Margins and markup can lead to considerable confusion when setting product and service prices. Margins and markups are terms used to determine cost and profits. Not using these two terms in a proper way can lead to setting prices that are too high or too low, resulting in lost revenue or lost profits.
Explanation of Margin and Markup are as follows:
** Margin (also known as gross margin) is sales minus the cost of goods sold.
Sale price – Cost = Margin
If an item sales for $100.00 and the cost is $70.00. the margin would be $30.00. To state as a percentage, the margin percentage would be 30% (calculated as the margin divided by sales).
Margin / Sales= Margin Percentage
** Markup is the dollar amount by which the cost of a product is increased in order to establish the selling price. Using the above example a markup of $30.00 from the $70.00 cost gives us $100.00 selling price.
Markup + Cost = Selling Price
The markup percentage being 42.9% (calculated as the markup amount, divided by the product cost.)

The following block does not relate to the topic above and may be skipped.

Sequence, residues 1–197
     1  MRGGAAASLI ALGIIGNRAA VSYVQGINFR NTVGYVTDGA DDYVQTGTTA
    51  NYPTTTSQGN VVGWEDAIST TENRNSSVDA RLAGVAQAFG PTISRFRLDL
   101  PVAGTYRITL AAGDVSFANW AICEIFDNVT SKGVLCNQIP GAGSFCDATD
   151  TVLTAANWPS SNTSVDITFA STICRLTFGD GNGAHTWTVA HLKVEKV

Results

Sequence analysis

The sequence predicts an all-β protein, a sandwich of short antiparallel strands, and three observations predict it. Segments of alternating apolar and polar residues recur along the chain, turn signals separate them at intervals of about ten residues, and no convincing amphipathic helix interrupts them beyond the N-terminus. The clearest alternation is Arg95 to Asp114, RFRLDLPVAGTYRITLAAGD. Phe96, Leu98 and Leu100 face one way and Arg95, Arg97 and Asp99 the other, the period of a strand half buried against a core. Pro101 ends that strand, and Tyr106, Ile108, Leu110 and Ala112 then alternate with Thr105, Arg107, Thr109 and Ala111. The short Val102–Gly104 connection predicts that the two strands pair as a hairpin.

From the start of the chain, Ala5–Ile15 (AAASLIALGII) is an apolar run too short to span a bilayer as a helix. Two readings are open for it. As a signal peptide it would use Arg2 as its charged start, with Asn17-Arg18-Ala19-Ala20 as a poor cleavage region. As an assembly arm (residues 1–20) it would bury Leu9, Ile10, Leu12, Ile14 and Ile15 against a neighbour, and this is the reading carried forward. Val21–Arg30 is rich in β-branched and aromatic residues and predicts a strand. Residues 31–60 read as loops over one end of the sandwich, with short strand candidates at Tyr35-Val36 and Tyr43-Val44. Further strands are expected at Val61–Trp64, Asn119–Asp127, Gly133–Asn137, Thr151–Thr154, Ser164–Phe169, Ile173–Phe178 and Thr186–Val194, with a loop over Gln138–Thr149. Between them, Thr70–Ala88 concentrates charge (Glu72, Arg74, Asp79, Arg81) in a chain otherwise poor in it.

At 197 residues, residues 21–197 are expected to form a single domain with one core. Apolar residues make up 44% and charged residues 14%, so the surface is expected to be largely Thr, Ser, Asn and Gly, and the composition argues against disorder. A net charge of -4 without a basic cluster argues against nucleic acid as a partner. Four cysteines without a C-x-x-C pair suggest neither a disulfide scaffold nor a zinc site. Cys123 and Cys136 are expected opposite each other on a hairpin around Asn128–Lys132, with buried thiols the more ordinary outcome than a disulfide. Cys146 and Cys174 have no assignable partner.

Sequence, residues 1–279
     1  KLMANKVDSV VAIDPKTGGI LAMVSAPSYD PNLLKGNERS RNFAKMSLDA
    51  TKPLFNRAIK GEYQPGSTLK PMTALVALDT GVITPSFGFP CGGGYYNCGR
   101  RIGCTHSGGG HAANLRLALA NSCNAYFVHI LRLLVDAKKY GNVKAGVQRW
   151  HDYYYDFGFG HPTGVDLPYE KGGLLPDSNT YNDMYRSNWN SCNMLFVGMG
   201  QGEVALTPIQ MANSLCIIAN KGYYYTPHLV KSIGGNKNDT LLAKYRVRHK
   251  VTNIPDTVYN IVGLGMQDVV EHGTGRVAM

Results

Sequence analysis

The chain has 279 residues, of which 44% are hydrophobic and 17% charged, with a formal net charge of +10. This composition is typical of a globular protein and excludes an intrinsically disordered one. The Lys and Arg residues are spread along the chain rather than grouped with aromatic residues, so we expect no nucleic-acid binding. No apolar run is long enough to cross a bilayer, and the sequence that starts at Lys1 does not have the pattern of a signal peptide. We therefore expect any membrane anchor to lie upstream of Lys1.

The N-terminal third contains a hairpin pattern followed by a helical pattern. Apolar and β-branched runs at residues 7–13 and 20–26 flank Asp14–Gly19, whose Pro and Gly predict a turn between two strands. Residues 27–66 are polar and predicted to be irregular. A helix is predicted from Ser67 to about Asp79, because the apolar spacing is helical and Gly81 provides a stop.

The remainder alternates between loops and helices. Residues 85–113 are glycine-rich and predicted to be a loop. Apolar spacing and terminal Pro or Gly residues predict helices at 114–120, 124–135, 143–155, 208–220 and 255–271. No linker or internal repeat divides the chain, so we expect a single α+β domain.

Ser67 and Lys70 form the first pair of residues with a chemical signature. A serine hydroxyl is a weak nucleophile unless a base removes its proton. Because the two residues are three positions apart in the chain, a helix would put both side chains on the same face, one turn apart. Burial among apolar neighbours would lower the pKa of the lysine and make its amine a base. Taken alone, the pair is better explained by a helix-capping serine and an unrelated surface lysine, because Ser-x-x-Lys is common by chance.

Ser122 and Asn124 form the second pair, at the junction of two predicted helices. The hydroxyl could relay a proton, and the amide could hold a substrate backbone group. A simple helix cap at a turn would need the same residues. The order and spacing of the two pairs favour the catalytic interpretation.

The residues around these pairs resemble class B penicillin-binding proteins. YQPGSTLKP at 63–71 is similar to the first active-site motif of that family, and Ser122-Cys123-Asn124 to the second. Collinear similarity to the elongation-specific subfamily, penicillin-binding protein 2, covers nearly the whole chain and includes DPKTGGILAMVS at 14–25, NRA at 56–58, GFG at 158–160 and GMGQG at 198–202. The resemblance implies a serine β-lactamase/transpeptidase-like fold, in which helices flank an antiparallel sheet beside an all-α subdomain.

Markup / Cost = Markup Percentage
As you can see both methods of calculating margin and markup take into account the cost of the item and its selling price. Margin and markup have different uses. Usually a markup formula is used to set the price of a product. Margin is used more for analyzing sales and expenses. You would use data from a given period (such as the previous quarter) to determine how much margin is required for existing sales volume to cover added expenses plus an adequate profit. The goal is to use margin analysis to adjust prices and determine what your markup formula should be.
When Considering Cost
The cost of a product is a common factor for both margin and markup. It consists of the purchase price of the item (raw materials) plus labor to manufacture. Cost does not include other expenditures such as rent, administrative salaries, freight and office expenses. To cover these expenses, a margin analysis must be done. A margin analysis takes actual data on costs, sales and expenses and creates a model that allocates the proportion of expenses that the margin must cover. Once this analysis has been done, you can effectively set or adjust the prices and create a useful markup formula for pricing.
Determining the right markup to set the price of a product is vital. You do not want to under price or over price your products. Keeping track of margins on a regular basis enables you to avoid both problems. Using margins to analyze sales and expenses can also help you to identify products that are not “pulling their weight”. This will also enable you to establish how much you can offer in discounts and other promotional items to build customer bases and sales volume without discounting too deeply.